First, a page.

West Nile Confirmed in U.S. States: Protect Your Horses!

Wednesday, July 18, 2018 - 4:45pm
Katelin Simonson
West Nile Confirmed in U.S. States: Protect Your Horses!

Summer is here… and we all know what that means! Get out your pool floats, sunblock and, of course, BUG SPRAY! As peak mosquito season is in full swing, it is important to be aware that the West Nile virus has been confirmed in many states, including Texas, California and Florida, which are all equine-centric states. Not only should people be protecting themselves from mosquitos that could potentially be carrying diseases, but we should also be protecting the four-legged members of our family too: OUR HORSES!

PC: Kassi Hoxmeier

First, let’s discuss three diseases that mosquitos carry that can and will affect our horses if we are not careful.
1. Eastern Equine Encephalomyelitis (EEE)
2. Western Equine Encephalomyelitis (WEE)
3. West Nile Virus

What is EEE/WEE and what are the signs
EEE and WEE are more common than the West Nile virus, and horses that are not vaccinated are much more susceptible to these diseases. Mosquitoes that have had contact with wild birds are typically the carriers of EEE. The EEE virus affects the central nervous system of a horse, and the signs of EEE can take up to five days to surface. Early EEE signs in horses can include fever, sleepiness or drowsy appearance, muscle twitches, and weakness. In extreme cases, horses can experience seizures and loss of appetite very early, as well. Unfortunately, there is not yet an effective treatment for EEE, and the mortality rate of infected horses is up to 90%. Brain damage may occur in surviving horses.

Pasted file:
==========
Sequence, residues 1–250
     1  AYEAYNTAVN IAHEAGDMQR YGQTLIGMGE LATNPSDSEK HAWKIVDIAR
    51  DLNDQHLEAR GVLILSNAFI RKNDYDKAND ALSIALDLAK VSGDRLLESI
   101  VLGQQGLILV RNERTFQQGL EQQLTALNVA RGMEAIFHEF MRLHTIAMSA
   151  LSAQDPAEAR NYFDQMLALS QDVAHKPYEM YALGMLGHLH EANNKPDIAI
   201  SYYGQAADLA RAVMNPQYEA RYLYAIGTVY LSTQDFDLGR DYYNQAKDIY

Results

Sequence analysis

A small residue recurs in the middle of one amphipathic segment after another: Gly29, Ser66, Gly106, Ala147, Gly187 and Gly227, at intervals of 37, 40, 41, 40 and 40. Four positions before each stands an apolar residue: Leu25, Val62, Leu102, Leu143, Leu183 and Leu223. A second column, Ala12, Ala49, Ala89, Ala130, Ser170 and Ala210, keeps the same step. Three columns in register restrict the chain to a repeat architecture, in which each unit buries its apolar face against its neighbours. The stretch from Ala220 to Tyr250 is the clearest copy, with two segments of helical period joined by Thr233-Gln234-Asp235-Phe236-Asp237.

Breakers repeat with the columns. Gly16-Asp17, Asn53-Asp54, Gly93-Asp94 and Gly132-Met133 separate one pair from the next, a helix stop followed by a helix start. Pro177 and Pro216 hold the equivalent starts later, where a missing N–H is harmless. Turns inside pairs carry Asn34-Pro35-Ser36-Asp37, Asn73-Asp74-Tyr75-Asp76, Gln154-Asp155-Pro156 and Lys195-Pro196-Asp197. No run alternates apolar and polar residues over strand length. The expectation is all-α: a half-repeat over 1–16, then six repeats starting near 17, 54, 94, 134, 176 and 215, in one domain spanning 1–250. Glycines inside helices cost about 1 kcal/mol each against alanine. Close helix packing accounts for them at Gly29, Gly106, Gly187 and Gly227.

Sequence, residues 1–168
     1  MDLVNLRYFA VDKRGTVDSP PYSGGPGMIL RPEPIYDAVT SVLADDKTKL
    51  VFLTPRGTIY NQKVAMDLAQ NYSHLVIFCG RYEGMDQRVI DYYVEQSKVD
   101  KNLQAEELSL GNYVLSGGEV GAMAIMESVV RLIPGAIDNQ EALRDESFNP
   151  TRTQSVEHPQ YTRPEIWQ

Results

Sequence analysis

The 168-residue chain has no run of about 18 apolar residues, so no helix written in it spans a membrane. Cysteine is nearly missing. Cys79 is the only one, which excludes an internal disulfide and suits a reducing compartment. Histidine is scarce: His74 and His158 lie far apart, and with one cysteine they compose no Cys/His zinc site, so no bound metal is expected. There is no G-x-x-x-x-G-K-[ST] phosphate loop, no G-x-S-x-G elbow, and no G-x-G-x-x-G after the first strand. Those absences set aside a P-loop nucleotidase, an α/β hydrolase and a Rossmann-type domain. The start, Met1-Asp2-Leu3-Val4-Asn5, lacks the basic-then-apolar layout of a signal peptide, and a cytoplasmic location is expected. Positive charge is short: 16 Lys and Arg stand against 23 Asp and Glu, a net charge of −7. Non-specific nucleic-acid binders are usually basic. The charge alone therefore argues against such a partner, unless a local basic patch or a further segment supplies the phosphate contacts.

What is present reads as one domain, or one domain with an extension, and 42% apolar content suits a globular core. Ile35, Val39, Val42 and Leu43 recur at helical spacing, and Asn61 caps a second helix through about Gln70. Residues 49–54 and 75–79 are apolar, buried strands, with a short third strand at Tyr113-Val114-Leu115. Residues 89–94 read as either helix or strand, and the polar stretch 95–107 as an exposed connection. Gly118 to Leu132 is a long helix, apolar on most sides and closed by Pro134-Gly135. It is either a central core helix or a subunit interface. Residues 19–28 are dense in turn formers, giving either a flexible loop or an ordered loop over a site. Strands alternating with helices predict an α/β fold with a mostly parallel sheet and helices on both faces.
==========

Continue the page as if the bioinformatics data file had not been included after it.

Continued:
What is the WEST NILE VIRUS and what are the signs
The West Nile virus is also carried by mosquitos that have preyed on wild birds, and it, too, causes an inflammation within the central nervous system of both horses and humans. Sings of West Nile in infected horses include many of the same signs as EEE and WEE, such as fever, loss of appetite and weakness of limbs, but can also include impaired vision, hyperexcitability, and aimless walking or wandering. There is a West Nile vaccine available for horses to help protect them from incurring this virus, and it is strongly recommended by veterinarians.

Now that we know how these diseases work and what they look like, let us talk about how they can be prevented.

1. First, it is very important to get horses vaccinated for EEE, WEE and WNV. Although vaccinated horses can still acquire these illnesses, the chances are greatly reduced for them. In fact, vaccinated horses are 30 times less likely to be affected by these diseases!
2. Remove objects such as unused troughs, wheelbarrows and tarps to limit mosquito-breeding habitats
3. Clean water-holding objects weekly
4. Hang fans throughout barns or stables as mosquitos will avoid moving air
5. Apply insect repellant, especially from dusk until dawn, as these are prominent mosquito feeding times
By managing both the environment that our horses call home and their health care routine, it is possible to prevent mosquitos from infecting our horses. It is important to be aware that these diseases are present within the United States, especially this hot/wet time of year!


Check out these sources for more information on EEE, WEE and West Nile:
• https://www.zoetisus.com/news-and-media/core-equine-disease-risks-increase-amid-mosquito-season.aspx
• http://www.westnile.state.pa.us/animals/horses.htm
• https://aaep.org/guidelines/vaccination-guidelines/core-vaccination-guidelines/easternwestern-equine-encephalomyelitis


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